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NIAS AFRICA STUDIES
Senegal's political crisis: Four questions

  Sneha Surendran

On 28 July, the leader of Senegal’s main opposition party, the Patriots of Senegal for Work, Ethics and Fraternity (PASTEF), Ousmane Sonko, was arrested. He has been implicated in plotting an insurrection, undermining state security, and encouraging political unrest, along with other charges. On 31 July, Senegal’s Minister of Interior and State Security Abdoulaye Daouda, announced that the government had dissolved Sonko’s party, PASTEF, for “frequently calling on supporters to take part in insurrectionary movements.” Violent protests broke out across the country following his arrest. On 1 August, two people died and five were injured in violence that broke out in Sonko’s mayoral town of Ziguinchor; two others died on 2 August. The current protests in the country were reminiscent of the deadly violence of early June 2023 which broke out following the conviction of Sonko on charges of corrupting the youth. The June violence had left around 16 people dead, over 300 injured, and more than 500 arrested. 

Who are the protestors and why are they protesting?
The protestors are predominantly young Senegalese, supporters of Sonko and PASTEF. While the demonstrators demanded Sonko’s release, the protests have served as a platform for people to raise several issues ranging from unemployment, corruption, pandemic hardships, and dissatisfaction with the current government headed by President Macky Sall. Over the years, young people have been disillusioned by the rising cost of living, systemic corruption, and lack of jobs, despite promises of corrective measures by political representatives. Senegal has a substantial youth population with the average age in the country being 19. Despite this, 20 per cent of the workable population remains either unemployed or underemployed. The health sector also remains underdeveloped and income inequality is a persistent concern. The recent protests in the country have been marked by high participation of the youth, including young children. The former director of Amnesty International for West and Central Africa chalked the involvement of the youth to frustration over uncertain economic prospects, stating: “Education no longer holds value. So, when the youth revolt, their little brothers follow.” 

Why are anti-government protests becoming frequent?
Since 2021, anti-government protests have increased in intensity. The primary cause behind the increasing protests is the authoritarian shift of Macky Sall's government. Senegal has long been considered the “poster child of democracy in West Africa” and a symbol of stability in Africa, attributed to the peaceful transfer of power since 2000. However, current President Macky Sall’s government has been accused of using the judiciary to stifle their opposition. Hundreds of political critics have been detained and opposition members were jailed on corruption charges which prevented their candidature in the 2019 presidential elections. According to the Reporters Without Borders' press freedom index 2023, Senegal ranked 104 compared to 49 in 2022, which is attributed to increasing media restrictions and frequent internet shutdowns. Sall’s government has also been denounced for deploying violence against peaceful demonstrations. Security forces have been condemned for firing indiscriminately into crowds and using civilians as human shields.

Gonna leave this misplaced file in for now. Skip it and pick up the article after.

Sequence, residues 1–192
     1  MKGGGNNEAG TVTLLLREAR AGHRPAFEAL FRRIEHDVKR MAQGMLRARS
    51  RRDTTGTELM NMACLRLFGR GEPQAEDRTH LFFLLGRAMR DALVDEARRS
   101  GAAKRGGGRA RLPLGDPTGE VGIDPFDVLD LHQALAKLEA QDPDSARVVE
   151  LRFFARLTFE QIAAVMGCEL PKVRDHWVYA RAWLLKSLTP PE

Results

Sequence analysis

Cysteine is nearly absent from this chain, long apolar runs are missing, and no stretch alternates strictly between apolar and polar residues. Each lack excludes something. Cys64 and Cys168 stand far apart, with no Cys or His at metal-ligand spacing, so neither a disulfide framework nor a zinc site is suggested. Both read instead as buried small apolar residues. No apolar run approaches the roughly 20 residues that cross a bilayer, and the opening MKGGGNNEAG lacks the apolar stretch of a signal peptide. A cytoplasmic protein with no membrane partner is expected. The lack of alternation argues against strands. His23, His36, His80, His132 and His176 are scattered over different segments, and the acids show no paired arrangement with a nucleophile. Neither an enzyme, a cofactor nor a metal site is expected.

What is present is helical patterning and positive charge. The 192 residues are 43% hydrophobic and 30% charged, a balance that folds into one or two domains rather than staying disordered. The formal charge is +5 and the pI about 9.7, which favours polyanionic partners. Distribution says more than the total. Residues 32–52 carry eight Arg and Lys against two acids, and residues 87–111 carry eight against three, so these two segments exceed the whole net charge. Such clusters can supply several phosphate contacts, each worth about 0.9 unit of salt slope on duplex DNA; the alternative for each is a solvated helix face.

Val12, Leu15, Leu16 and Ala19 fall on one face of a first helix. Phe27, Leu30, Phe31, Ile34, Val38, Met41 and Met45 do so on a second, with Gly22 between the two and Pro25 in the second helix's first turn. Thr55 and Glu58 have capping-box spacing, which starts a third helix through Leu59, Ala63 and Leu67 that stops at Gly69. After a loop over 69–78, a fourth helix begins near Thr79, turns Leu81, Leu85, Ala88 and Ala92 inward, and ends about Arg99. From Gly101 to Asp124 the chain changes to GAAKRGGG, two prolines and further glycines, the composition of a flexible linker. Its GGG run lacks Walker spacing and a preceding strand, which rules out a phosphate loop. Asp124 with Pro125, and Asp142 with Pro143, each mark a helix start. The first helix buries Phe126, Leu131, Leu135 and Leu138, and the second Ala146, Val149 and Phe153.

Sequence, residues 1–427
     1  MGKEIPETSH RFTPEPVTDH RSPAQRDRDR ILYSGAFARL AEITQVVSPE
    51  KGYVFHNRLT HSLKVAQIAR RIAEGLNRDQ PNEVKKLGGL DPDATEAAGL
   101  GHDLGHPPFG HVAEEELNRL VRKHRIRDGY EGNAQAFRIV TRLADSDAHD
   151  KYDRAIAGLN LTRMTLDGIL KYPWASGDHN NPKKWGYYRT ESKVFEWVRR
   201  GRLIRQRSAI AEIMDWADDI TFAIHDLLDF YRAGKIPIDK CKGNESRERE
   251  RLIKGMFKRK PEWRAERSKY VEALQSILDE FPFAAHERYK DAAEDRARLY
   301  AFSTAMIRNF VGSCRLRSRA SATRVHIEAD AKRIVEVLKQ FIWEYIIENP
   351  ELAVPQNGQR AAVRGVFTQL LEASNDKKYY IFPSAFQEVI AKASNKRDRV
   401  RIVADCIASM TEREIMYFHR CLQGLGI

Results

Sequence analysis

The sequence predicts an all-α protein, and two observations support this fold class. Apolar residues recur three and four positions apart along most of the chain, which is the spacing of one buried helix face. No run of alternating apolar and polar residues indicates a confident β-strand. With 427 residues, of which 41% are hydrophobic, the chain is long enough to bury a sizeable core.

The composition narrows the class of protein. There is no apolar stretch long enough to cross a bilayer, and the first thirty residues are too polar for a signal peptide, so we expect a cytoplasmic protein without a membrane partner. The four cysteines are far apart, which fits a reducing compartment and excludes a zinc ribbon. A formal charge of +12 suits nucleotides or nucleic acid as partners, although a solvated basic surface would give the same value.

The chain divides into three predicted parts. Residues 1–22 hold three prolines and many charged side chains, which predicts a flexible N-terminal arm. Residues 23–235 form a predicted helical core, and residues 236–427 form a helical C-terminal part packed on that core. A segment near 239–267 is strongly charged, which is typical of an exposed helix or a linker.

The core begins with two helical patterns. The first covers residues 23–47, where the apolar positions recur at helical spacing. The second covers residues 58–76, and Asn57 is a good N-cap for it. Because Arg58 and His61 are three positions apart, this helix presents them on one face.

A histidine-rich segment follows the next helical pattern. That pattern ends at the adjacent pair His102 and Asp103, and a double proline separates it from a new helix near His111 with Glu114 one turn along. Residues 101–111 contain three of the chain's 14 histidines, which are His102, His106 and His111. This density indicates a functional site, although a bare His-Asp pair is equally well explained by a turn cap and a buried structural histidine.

What does this mean for the upcoming elections?
Sonko’s arrest has been decried by his supporters as deliberate targeting by the government to prevent him from standing for the 2024 presidential elections. While Sonko’s candidature in the elections remains uncertain, there is a possible rise in tensions if he is barred from contesting. Furthermore, according to Senegal’s constitution, Sall cannot stand for a third term, something which he has already confirmed. This is the first time in Senegal’s democratic history that a president has willingly conceded to not stand for a third bid at re-election. However, concerns persist that the government may attempt to amend these provisions or disregard them going forward. Leaders who had been debarred on corruption charges during the 2019 elections will be running for the 2024 elections. 

Will growing conflict in the Sahel region have an impact?
There is a risk of regional instability spilling over into the country. So far, instability in the Sahel region has not had an overreaching impact on Senegal. The country has reinforced its borders with a strong military, especially in the regions bordering Mali. However, increasing military interventions in the neighbourhood have only exacerbated the fear of weakening democracy and instability in Senegal. Military takeovers in Mali, Burkina Faso, and the most recent coup in Niger, have rendered the Sahel region more unstable than before. Furthermore, on 3 August, Senegal informed the Economic Community of West African States (ECOWAS) of their commitment to participate in any of the bloc’s military interventions to restore civilian government in Niger. While the Senegalese government described this as Senegal’s “international commitment,” it will have to tread carefully on its decision to involve itself in regional politics militarily when conflict brews within its borders.

(Part of the commentary has been previously published as pasrt of the NIAS-IPRI-KAS Conflict Weekly.)


About the author

Sneha Surendran is a Postgraduate Scholar at OP Jindal University, Haryana. Prerana P is a Postgraduate Scholar at the Christ (Deemed To Be University), Bangalore.

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